In August 2010, a previously healthy 5-year-old boy was admitted to our hospital for slurred speech, limbs weakness, walk unsteadily with tumble sometimes. He had a prodromal infection of cough, fever, vomit and headache 2 weeks before this event. There was no family history or past history of neurological disorders. He had received antibiotics (ampicillin, cefuroxime and azithromycin) and Ibuprofen before admission. On admission, the muscle strength and tone of the limbs were normal. The results of neurological examination showed mild positive of Kernig sign, Babinski sign and Chaddock sign. Blood examinations revealed a mild elevated white blood cell count (11.08 × 10^9/L) and normal C-reactive protein (0.49 mg/L), glucose and Na (139 mmol/l) level. Cranial MRI revealed lesions in the splenium of the corpus callosum and diffuse white matter including semi-ovoid center and periventricular with moderate hyper intensity on T2-weighted images, and marked hyperintensity on DWI (Figures unavailable). Cervical, thoracic and lumbar MRI were normal. MERS has not widely recognized at that time. He was diagnosed as encephalitis post-infected and was treated with intravenous methylprednisone, anti-infective therapy (ganciclovir and cefepime) and mannitol. His clinical manifestations gradually improved, and he had completely recovered by day 4, with a negative neurological examination. Follow-up MRI on day 15 showed a resolution of the lesion in the splenium of the corpus callosum and diminished lesion in periventricular matter with moderate hyper intensity on T2-weighted images but normal on DWI (Figures unavailable).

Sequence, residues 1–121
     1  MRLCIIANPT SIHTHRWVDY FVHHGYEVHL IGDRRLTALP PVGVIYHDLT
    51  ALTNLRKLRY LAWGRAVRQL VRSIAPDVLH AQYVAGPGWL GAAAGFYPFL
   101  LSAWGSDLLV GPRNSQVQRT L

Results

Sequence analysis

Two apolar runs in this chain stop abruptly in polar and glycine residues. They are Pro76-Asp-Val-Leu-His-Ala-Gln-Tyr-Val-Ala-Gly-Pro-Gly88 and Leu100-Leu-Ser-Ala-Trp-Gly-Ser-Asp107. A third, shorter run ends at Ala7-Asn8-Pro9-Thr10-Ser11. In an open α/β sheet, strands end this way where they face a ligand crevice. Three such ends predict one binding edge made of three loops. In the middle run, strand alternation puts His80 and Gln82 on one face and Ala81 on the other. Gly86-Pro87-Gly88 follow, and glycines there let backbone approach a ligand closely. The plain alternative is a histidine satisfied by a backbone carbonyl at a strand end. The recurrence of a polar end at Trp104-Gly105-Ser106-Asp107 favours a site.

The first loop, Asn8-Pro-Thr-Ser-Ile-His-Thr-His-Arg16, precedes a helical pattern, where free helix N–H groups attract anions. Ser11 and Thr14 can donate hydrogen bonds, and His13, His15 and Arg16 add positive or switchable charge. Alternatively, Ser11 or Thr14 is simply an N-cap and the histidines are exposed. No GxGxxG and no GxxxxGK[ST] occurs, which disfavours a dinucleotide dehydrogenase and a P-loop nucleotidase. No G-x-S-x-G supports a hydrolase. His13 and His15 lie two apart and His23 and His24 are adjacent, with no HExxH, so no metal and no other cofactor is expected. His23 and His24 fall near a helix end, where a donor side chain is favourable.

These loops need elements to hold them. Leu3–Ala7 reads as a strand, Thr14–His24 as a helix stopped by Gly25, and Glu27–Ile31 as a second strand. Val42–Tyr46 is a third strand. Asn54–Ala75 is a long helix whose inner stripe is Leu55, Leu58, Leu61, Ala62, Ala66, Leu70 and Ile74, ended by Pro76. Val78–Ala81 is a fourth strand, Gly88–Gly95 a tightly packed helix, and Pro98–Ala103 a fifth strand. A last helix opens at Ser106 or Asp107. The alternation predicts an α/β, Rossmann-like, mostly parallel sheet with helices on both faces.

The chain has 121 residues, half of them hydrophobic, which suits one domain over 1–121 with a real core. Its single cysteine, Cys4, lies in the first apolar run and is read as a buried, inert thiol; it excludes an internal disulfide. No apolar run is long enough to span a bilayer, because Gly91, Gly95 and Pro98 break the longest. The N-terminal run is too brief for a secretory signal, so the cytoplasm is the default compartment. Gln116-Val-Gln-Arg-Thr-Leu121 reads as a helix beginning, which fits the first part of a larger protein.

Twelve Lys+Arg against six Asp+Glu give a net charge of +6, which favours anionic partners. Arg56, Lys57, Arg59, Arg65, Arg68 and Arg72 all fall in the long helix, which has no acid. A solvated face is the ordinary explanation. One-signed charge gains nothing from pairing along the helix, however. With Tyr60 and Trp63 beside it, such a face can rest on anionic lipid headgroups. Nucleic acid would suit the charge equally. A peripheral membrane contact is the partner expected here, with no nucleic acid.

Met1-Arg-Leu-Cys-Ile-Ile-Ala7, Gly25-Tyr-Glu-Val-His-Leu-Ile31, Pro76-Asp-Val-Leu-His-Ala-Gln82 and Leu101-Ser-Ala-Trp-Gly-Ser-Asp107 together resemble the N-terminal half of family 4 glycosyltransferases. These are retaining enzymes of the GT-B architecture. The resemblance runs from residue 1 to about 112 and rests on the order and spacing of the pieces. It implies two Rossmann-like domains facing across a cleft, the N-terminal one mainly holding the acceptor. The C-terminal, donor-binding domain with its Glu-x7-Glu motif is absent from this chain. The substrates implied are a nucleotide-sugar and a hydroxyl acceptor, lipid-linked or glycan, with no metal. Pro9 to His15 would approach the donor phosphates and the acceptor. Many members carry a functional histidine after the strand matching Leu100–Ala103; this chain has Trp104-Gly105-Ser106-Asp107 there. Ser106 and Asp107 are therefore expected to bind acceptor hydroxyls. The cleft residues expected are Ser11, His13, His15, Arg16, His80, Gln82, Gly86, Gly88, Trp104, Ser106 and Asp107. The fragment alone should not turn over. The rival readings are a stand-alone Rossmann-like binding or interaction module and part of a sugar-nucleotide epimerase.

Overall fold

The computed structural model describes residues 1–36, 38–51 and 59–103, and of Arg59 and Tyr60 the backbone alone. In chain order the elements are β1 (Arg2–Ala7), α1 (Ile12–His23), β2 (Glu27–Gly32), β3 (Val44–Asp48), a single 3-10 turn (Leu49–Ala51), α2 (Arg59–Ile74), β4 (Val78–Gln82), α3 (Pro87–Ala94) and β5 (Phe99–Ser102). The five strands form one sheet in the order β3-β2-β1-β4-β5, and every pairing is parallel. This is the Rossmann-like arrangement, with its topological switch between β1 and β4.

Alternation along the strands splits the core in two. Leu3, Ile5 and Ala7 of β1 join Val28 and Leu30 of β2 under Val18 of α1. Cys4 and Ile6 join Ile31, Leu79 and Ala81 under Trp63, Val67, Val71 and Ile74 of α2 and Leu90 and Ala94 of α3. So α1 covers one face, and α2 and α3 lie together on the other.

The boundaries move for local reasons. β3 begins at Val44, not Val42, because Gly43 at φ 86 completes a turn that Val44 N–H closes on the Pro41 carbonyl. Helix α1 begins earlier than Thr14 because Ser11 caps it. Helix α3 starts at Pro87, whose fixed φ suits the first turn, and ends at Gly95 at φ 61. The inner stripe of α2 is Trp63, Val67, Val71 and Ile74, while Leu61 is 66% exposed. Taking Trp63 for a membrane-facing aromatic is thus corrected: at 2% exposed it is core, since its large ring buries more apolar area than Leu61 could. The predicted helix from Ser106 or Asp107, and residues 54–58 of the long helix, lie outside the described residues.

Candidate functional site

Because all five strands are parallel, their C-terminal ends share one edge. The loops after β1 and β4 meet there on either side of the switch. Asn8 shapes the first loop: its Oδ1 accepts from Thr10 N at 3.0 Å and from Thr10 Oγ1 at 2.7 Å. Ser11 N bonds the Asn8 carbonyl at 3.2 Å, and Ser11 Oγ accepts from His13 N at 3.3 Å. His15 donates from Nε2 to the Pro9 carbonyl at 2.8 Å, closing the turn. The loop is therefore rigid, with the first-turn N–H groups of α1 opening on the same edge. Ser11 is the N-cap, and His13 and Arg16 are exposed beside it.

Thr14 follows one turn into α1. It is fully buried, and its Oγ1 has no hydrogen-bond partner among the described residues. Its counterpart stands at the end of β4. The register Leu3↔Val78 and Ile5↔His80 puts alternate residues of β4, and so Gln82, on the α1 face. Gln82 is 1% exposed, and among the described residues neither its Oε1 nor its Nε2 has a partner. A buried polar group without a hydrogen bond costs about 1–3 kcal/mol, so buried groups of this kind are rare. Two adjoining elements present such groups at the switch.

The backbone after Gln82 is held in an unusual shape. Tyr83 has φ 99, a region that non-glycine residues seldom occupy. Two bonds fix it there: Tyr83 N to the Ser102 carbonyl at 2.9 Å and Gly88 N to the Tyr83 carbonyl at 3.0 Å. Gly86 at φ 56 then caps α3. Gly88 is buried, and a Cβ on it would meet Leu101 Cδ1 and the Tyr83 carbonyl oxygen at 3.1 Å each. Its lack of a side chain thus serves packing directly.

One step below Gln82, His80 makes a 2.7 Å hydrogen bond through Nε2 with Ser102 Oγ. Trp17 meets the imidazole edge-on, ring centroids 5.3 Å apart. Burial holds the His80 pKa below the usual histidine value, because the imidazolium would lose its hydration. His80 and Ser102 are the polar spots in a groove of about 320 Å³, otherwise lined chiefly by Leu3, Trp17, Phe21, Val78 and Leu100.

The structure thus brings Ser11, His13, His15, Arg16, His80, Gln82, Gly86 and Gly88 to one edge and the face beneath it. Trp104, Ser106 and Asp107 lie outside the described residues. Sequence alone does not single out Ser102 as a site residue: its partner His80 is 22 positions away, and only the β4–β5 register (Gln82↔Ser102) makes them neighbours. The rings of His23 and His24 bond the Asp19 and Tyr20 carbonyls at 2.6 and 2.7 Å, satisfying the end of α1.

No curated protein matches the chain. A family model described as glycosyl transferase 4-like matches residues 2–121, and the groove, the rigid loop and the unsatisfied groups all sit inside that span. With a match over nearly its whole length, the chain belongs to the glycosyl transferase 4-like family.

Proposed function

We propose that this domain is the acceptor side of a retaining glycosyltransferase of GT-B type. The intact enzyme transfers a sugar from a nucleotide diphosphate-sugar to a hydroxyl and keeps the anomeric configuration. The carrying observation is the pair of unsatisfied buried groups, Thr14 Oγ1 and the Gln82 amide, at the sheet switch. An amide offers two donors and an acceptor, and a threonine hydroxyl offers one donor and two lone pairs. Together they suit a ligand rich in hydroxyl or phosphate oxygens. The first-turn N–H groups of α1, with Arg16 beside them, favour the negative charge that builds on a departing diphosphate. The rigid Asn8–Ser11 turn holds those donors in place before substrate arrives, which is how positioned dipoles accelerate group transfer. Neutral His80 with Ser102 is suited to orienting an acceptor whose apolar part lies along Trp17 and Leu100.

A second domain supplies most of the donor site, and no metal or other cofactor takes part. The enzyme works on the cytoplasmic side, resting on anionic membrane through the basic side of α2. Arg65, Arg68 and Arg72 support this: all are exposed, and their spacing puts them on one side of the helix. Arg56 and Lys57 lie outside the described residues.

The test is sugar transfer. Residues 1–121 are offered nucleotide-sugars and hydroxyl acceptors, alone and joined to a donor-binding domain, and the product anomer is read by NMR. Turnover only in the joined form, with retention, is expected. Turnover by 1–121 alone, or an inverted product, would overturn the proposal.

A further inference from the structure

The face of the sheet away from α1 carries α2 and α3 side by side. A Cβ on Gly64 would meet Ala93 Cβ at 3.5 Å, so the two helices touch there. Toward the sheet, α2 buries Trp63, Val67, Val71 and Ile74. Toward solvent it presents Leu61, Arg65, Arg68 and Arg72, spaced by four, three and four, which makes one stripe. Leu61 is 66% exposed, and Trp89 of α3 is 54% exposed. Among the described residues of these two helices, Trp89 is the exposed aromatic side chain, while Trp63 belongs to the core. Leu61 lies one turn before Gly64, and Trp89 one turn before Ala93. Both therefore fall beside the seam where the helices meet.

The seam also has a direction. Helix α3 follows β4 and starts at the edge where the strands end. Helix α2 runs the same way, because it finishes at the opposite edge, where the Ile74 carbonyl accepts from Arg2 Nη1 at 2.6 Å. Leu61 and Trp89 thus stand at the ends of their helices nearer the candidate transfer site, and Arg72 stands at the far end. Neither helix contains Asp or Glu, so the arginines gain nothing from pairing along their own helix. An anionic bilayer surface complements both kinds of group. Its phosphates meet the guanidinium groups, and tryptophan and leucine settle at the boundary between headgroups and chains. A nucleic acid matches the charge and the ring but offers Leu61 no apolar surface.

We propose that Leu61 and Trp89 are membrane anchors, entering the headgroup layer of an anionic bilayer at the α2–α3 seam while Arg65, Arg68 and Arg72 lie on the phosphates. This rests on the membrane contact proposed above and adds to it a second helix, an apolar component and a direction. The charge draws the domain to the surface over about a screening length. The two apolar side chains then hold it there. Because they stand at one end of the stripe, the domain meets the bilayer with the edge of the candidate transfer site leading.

And then he experienced four episodes with a similar clinical course and MR imaging findings over a period of 10 years (in 2012, 2015, 2017 and 2020 yeas, respectively) (Fig. 3A-F; Fig. 4A-F), and was considered as recurrent MERS type 2. The clinical manifestations disappeared within several days under the treatment of intravenous methylprednisone. And the cranial MRI after several weeks showed resolution of the lesions completely (Fig. 3G-J; Fig. 4G-J). He had normal psychomotor development without any neurological sequelae.